An X-ray depicting rotation of a horse's coffin bone, indicating founder or laminitis
Identifying coffin bone rotation (shown) right away is critical in order to have the best chance at saving the horse. Photo courtesy Travis Burns

Emergency Treatment

Should a horse experience laminitis but rotation has not yet occurred, Bras recommends the application of the NANRIC Ultimate cuff shoe as long as the bone alignment matches the shoe.

The NANRIC Ultimate cuff shoe
The NANRIC Ultimate cuff shoe gives the heel 18 to 20 degrees of elevation, which can help a horse that has experienced laminitis but no coffin bone rotation. The heel elevation allows blood flow to the foot for a better chance of a successful outcome. Photo courtesy Travis Burns

“That shoe gives the horse 18 to 20 degrees heel elevation,” he says. “The heel elevation helps to optimize the blood supply to the hoof, thereby increasing the chances for a successful outcome.”

Because it doesn’t have to be glued or nailed on, any veterinarian, farrier, or owner (under veterinary supervision) can apply it simply by wrapping it on to secure it to the hoof.

A NANRIC Ultimate cuff applied to the hoof of a horse with founder while an X-ray is performed
The NANRIC Ultimate cuff shoe can be applied without glue or nails by a farrier or owner (under veterinary supervision). Careful monitoring of sole depth and coffin bone angle will help guide your vet’s treatment plan. Photo by R.F. Redden, DVM of NANRIC

Monitoring sole depth, degree of rotation, and the amount of blood supply during this process are all factors that will guide your veterinarian in directing treatment options, including making the call in extreme cases as to whether or not the deep digital flexor tendon (DDFT) should be severed to relieve tension and prevent rotation of the coffin bone.

Signs Indicating Outcome

According to Burns, marked improvement in the horse’s comfort, the return of vascular perfusion and growth of the horse’s foot—specifically in terms of sole depth—are all signs that your horse may make a recovery and return to his previous level of performance, or at least a modified version of it.

As a referral farrier making recommendations to help achieve successful outcomes for farriers in the field, Burns recognizes the need to work within principles rather than methods. Understanding that varying methods can all reach the same goal, he says that the first and foremost guiding principle he would like to achieve is recruiting the frog and sole into load-bearing.

This can be accomplished by any number of methods preferred by the horse owner’s farrier, including pads, heart-bar shoes and clogs, all aimed at meeting the needs of both the horse and the owner’s management situation. No matter the method, Burns likes to see a shoe that relieves tension on the laminae when the horse is moving even when he is turning.

A heartbar shoe
Burns likes to use a shoe that alleviates tension on the laminae when the horse is moving and turning, such as a heartbar shoe. Photo courtesy Travis Burns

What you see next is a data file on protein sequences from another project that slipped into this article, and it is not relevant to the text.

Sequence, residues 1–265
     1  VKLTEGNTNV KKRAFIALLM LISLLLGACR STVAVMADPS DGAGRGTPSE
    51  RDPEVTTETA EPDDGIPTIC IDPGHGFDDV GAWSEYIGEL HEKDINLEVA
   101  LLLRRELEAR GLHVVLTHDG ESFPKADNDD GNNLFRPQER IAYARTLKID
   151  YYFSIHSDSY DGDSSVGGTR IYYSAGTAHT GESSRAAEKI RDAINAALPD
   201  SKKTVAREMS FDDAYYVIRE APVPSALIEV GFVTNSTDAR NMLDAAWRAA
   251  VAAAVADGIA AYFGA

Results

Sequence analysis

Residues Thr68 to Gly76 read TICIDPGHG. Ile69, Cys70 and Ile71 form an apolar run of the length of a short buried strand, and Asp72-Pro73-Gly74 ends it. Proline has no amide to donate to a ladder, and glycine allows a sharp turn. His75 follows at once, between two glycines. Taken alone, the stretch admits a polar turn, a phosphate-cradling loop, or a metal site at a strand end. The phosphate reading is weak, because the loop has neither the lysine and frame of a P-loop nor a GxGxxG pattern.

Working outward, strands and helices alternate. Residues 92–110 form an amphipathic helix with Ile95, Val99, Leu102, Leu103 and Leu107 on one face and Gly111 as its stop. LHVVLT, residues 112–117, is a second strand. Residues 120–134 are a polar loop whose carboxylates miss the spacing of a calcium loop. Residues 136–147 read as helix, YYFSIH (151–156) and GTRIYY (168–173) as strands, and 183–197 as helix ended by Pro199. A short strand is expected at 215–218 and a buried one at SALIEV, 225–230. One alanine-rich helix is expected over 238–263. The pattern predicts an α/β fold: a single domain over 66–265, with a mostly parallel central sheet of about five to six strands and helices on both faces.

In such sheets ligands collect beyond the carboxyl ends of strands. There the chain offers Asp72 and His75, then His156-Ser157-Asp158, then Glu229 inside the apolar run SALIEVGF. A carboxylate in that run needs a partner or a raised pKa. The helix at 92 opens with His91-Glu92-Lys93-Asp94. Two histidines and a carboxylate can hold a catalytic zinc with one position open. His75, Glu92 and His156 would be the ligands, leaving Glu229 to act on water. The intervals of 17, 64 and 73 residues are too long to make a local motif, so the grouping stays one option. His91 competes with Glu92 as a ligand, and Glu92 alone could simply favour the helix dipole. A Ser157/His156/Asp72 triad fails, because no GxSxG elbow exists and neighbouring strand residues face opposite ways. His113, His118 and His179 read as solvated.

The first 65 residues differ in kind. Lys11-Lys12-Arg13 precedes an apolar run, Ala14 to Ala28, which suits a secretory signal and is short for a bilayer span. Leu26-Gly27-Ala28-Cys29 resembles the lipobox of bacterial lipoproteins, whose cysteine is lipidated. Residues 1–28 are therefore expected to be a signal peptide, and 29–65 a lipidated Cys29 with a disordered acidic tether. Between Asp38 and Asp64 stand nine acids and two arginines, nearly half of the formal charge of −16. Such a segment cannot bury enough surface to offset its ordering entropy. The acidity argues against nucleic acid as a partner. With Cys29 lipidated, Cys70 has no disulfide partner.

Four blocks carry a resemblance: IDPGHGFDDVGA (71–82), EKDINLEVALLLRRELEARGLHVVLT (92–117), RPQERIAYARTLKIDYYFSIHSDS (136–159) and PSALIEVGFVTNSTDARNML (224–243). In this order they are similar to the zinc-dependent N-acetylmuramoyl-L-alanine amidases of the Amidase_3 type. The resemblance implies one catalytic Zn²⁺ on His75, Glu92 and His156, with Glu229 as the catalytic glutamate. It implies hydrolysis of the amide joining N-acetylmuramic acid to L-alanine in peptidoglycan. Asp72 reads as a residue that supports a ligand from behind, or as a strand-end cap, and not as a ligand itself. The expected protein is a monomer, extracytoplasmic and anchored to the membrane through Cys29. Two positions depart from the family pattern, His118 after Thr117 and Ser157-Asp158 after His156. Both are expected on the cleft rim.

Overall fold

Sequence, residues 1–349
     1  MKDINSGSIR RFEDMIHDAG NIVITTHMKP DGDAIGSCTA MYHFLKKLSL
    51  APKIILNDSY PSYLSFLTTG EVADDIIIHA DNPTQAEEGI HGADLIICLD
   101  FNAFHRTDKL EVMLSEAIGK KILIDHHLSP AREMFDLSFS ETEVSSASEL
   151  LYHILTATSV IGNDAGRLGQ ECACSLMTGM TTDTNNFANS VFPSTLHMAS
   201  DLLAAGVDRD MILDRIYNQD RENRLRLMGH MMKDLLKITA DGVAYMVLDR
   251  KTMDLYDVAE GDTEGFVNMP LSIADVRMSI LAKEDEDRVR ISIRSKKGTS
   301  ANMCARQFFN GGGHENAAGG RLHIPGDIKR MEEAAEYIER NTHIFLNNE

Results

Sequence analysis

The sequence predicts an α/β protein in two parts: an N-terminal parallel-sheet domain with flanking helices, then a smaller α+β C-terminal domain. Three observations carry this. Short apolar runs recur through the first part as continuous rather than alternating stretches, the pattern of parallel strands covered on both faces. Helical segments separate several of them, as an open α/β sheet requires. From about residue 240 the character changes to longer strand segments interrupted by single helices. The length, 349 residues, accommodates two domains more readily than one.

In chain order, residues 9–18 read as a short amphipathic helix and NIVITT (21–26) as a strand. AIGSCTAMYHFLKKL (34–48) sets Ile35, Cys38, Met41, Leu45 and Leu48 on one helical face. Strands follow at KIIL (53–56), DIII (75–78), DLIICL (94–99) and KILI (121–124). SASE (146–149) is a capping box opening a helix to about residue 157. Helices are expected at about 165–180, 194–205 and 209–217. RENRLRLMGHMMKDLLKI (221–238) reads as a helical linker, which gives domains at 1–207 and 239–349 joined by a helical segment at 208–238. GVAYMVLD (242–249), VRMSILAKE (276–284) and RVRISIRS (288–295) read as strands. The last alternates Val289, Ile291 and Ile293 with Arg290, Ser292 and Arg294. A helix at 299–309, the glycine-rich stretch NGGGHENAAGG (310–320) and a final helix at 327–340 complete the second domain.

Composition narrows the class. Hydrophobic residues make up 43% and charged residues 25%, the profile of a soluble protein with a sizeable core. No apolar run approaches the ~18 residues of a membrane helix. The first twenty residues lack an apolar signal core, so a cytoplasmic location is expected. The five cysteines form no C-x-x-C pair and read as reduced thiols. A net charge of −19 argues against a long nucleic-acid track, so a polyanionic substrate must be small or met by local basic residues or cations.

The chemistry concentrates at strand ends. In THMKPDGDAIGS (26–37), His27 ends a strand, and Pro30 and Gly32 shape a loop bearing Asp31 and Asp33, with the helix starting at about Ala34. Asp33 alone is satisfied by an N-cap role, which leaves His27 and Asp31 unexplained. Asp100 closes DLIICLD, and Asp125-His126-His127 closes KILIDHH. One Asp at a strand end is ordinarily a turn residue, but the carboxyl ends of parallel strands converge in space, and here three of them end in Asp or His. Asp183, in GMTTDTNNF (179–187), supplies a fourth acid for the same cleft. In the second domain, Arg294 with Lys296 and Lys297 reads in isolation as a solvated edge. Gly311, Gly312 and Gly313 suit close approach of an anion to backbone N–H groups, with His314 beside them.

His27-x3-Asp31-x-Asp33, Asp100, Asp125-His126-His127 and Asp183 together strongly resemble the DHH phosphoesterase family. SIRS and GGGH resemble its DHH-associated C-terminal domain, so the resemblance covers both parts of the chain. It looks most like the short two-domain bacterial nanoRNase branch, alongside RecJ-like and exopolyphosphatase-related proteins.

Burns also recommends principles to realign the hoof capsule around the distal phalanx (P3 or coffin bone).

“If a horse can’t or won’t show growth, particularly under the tip of P3 or sole depth region, that is a bad sign,” he says.

As treatment progresses, Burns recommends lowering the heel to an appropriate palmar angle for the individual horse without causing increased tension on the DDFT, which results in increased tension on the laminae.

Finally, he advises dressing the hoof wall back to match the dorsal surface of the coffin bone. He says that if the bone stays healthy, you’ve got a much better prognosis for a return to athletic performance.

In the end, both Bras and Burns recommend the combined efforts of a veterinarian/farrier team.

“It’s not a good idea to think that your farrier can handle it on their own,” says Burns.

An Owner’s Perspective

Chriss Renier of Medina, Minn., has had two horses experience founder. The first case occurred approximately two decades ago when much less was known about the condition. Her second was ongoing for the past three years and ended in July 2022.

While multiple factors likely played a role, Renier feels that pituitary pars intermedia dysfunction (PPID, also known as Cushing’s disease) was a contributing condition with her first horse. The mare was treated by elevating her heels to increase blood perfusion and started on DMSO.

Renier credits the use of heel elevation with saving the horse’s life. Happily, the mare later made a successful return to her performance career.

Today, Renier is a huge proponent of venograms due to their ability to indicate the amount of blood perfusion present and the fact that they offer an early opportunity to correct it if deficient.

Renier’s second case came as a result of supporting-limb laminitis after the horse tore a superficial flexor tendon in a pasture accident. Despite awareness of the risk of founder and efforts on the part of the farrier to support the weight-bearing limb, two months after the initial injury to the left front leg, the mare foundered on her right front.

At that point, venograms showed that surgical intervention was necessary. While it is unknown if changing the mare’s footware immediately, even before founder occurred, would have changed the outcome, Renier stresses that this case makes it clear that owners must evaluate the risk of founder and the options for supportive footware immediately.

Throughout the ordeal, she hoped that the mare might one day be pasture sound. Unfortunately, euthanasia became necessary in July 2022.

This article about treatment and recovery of founder appeared in the April 2023 issue of Horse Illustrated magazine. Click here to subscribe!